A federal judge in Texas has granted a nationwide temporary injunction in response to a lawsuit filed by 21 states, including Ohio, to challenge the new Fair Labor Standards Act (FLSA) overtime rule. The court agreed with the plaintiff states that the new rule could cause irreparable harm if it was not stopped before it was scheduled to go into effect on December 1, 2016, saying that the Department of Labor (DOL) exceeded the authority it was delegated by Congress in issuing this overtime rule.

Under the new overtime rule, “white collar” salaried employees not otherwise exempt from overtime pay would be eligible for overtime pay if their weekly salary is less than $913, which equals $47,476 when calculated on an annual basis – doubling the previous salary threshold.

Although application of the new rules has been stayed, school districts should continue to track eligible employees’ hours and maintain meticulous payroll records. They should also require that employees submit time records.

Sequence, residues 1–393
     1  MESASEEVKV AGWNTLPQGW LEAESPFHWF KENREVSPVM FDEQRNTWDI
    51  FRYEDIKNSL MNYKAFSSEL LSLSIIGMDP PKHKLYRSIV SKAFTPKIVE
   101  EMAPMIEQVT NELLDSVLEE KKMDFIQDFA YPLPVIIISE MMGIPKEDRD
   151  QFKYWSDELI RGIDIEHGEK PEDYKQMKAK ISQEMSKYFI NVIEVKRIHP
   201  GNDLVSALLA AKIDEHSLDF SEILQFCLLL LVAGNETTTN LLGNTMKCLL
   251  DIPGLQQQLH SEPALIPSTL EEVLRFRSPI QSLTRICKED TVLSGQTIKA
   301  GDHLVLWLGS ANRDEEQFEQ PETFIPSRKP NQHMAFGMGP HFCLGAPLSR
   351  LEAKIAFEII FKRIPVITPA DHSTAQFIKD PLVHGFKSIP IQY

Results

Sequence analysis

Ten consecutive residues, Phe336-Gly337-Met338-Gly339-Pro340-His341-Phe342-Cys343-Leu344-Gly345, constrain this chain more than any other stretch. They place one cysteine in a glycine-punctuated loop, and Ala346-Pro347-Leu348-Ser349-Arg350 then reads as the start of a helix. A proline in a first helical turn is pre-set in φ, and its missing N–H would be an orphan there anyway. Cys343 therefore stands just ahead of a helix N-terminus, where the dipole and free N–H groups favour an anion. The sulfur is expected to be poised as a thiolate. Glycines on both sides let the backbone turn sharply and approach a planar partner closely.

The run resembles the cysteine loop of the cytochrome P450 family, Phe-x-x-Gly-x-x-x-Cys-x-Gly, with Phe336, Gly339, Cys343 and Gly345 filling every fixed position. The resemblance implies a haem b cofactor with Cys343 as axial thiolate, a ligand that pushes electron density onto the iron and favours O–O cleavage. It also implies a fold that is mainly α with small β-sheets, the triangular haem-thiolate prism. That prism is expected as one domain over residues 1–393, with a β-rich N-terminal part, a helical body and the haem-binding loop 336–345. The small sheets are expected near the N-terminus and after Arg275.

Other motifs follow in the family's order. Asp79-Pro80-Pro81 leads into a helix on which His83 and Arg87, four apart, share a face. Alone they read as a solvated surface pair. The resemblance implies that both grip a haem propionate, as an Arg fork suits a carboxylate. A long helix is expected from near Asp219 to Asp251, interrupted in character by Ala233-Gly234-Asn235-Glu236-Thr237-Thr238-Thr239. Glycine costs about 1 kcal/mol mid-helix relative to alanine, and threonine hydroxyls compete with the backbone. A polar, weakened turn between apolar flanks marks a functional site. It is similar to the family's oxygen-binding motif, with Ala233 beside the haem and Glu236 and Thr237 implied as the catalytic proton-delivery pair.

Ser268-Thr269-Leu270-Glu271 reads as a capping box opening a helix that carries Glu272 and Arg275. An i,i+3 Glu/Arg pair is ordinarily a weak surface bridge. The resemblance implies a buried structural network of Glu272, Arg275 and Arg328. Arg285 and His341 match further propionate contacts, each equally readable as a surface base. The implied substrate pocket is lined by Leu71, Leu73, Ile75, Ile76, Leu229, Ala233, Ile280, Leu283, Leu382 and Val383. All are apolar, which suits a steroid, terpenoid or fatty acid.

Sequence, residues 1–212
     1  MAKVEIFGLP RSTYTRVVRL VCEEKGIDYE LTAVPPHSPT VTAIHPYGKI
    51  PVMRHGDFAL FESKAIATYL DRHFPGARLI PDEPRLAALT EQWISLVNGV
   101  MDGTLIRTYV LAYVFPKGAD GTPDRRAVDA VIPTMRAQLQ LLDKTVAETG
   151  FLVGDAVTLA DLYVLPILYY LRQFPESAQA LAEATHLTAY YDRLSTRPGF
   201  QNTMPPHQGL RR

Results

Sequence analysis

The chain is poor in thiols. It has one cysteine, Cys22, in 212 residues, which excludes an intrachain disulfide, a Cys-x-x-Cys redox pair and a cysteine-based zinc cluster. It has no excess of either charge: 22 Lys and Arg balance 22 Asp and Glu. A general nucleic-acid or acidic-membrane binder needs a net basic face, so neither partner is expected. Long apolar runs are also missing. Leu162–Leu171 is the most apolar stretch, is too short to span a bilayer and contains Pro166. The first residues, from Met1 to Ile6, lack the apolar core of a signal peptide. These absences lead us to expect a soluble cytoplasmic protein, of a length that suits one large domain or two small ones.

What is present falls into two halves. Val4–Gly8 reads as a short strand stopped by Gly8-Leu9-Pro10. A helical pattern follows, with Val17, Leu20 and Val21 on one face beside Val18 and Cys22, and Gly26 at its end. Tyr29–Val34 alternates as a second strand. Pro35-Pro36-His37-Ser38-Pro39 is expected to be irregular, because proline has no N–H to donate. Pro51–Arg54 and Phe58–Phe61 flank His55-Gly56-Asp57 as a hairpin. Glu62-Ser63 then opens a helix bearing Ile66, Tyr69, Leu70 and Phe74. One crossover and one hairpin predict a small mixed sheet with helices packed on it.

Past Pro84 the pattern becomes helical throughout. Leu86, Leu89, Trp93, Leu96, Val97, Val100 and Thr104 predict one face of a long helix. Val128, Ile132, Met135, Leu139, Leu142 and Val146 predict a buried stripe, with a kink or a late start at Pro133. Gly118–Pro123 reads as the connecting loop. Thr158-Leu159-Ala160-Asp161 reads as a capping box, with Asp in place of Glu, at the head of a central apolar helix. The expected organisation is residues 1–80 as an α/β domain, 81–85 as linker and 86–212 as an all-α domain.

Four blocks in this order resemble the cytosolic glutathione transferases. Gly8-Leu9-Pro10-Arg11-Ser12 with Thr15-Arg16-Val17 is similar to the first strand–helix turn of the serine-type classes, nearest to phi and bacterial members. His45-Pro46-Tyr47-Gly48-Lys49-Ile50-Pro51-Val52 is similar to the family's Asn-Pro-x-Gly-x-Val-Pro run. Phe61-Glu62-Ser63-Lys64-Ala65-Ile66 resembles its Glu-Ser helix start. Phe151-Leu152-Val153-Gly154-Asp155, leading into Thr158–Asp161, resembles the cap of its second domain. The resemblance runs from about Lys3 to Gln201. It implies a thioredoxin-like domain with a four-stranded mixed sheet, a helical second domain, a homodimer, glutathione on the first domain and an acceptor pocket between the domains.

Districts should be mindful that the new rule would affect only the salary threshold component of the overtime-exemption test – a two-part test that requires that employees meet the salary threshold as well as perform duties that are exempt under FLSA. Therefore, employees who meet the lower salary threshold ($23,660 annually) must also perform exempt duties for the overtime exemption to apply. Employees who perform nonexempt job duties are eligible for overtime regardless of their salary.

Ennis Britton attorneys are available to help with any questions regarding the overtime rule, the injunction, which employees are affected, how to maintain payroll records, and how the two-part salary–duties test applies.